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France did not invite Russia to mark the end of World War II

France became the second country that did not invite the Russian delegation to events marking the end of World War II. At the same time, the Immortal Regiment action is allowed in Paris and other cities of the country

The French authorities did not invite Russian representatives to the May 8th celebration of the end of World War II. This was stated by the Ambassador in Paris, Alexei Meshkov, after laying wreaths at the monument to Russian members of the Resistance movement at the Pere Lachaise cemetery in Paris, RIA Novosti reports.

“Always send military attaches” first the Soviet Union, then Russia, Belarus as countries that made a decisive contribution to the victory over fascism were invited. This year we did not find a place on the podium. Although the ambassadors of those countries that fought on the side of Nazi Germany will sit there, — said the diplomat.

He urged to remember those who really won the war. At the same time, the ambassador noted that the main “roll of Russophobia” begins to deflate.

The day before, Meshkov, together with the heads of the diplomatic departments of the CIS countries in France, attended a flower-laying ceremony at the Flowers of Freedom memorial; at the Soviet military cemetery in Noyers-Saint-Martin. The Russian Embassy reported this on Telegram. The event was also attended by the mayor of the French city. Then Meshkov announced the holding of the action “Immortal Regiment” in Paris and other French cities.

On May 3, the Russian Embassy in Austria received a notification from the Ministry of Foreign Affairs of the country that Russian representatives were not invited to events on May 8 in memory of the liberation of Austria from Nazi occupation and the end of World War II in Europe. At the same time, the Austrian Foreign Ministry promised to honor the memory of thousands of fallen Soviet soldiers.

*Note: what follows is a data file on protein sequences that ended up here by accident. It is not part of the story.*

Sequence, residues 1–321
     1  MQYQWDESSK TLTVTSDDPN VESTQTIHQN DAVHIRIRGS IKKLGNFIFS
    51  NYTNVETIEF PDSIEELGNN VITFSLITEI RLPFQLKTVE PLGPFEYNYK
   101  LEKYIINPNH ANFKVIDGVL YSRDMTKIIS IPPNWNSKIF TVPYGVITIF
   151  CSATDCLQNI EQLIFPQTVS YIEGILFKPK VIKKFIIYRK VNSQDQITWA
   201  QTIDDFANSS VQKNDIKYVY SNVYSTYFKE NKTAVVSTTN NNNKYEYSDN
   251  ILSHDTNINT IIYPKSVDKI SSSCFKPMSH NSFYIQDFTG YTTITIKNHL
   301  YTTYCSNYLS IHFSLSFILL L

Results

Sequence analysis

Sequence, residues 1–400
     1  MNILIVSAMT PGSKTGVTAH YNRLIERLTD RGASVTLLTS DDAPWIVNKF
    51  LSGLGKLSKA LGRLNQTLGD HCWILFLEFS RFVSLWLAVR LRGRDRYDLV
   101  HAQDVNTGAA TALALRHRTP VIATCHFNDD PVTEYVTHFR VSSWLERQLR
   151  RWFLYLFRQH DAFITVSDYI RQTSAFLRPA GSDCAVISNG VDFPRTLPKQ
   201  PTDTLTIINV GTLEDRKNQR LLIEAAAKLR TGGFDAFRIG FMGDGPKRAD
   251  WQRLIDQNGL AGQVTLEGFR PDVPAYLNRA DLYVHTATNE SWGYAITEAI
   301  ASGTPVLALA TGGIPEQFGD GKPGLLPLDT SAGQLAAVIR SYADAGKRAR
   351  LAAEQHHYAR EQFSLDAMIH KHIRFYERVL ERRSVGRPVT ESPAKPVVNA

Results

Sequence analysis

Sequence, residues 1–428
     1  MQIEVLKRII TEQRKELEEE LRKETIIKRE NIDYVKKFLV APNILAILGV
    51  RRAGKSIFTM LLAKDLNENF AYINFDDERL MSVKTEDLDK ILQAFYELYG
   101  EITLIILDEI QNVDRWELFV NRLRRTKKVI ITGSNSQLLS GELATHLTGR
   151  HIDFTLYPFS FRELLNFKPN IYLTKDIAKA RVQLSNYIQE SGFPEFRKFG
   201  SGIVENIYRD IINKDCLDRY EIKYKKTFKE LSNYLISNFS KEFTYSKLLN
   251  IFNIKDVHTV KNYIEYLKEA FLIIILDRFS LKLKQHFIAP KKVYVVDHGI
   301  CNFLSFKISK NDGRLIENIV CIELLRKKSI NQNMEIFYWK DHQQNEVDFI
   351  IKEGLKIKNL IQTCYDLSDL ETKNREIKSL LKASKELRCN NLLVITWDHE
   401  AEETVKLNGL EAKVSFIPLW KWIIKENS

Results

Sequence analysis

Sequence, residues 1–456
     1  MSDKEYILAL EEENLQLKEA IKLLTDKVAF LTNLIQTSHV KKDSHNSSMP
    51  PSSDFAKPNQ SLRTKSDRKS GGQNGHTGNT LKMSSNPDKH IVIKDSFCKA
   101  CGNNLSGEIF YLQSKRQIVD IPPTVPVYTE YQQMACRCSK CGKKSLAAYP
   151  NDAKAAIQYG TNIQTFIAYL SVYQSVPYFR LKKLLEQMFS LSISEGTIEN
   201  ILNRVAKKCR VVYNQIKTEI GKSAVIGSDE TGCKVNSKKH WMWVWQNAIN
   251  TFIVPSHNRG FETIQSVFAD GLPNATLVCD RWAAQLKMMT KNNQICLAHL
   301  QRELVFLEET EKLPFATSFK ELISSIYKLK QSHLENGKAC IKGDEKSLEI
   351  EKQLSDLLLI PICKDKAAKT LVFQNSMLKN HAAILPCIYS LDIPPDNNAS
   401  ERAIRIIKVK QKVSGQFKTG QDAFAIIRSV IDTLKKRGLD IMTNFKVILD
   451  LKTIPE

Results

Ambassador Dmitry Lyubinsky stressed that the Austrian authorities do not understand the significance of the terrible lessons of history and their consequences, which is becoming a problem for bilateral relations.

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At the end of March, the administration of the Buchenwald memorial complexes and “Dora-Mittelbau” did not allow Russian and Belarusian officials to attend a memorial ceremony in honor of the 77th anniversary of the liberation of the Buchenwald concentration camp. The management of the complexes called their presence unacceptable against the background of the Russian military operation in Ukraine. At the same time, the administration assured the diplomats that the ceremony would honor the memory of Russians, Belarusians and Ukrainians who died in concentration camps, and lay wreaths in the colors of the national flags of Russia and Belarus at the memorial sign.

Russia also did not invite foreign leaders to the celebration Victory Day in Moscow. Presidential press secretary Dmitry Peskov explained this by saying that the date is not an anniversary.

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Nice-Matin announced the arrest of the Friedman family villa in France

According to Nice-Matin, the property is owned by a company 99% owned by the entrepreneur's daughters. The arrest is related to the sanctions imposed by the European Union against Fridman, according to the publication

Mikhail Fridman

French authorities have arrested the Copab villa, writes Nice-Matin. The publication calls it owned by the family of the founder of Alfa Group. Mikhail Fridman. The area of ​​the villa— 580 sq. m, it is for rent.

The newspaper explains that the property was purchased by Akinita in the late 1990s, later renamed SNC COPAB. According to Nice-Matin, until 2015 this company was owned by the businessman's ex-wife Olga Aiziman, and then 99% of its shares were transferred to Fridman's daughters Laura and Katya.

The European Union imposed sanctions against many Russian businessmen from the end of February, including Friedman. In addition, the founder of Alfa Group was included in the sanctions list of London.

RBC sent a request to Alfa-Bank.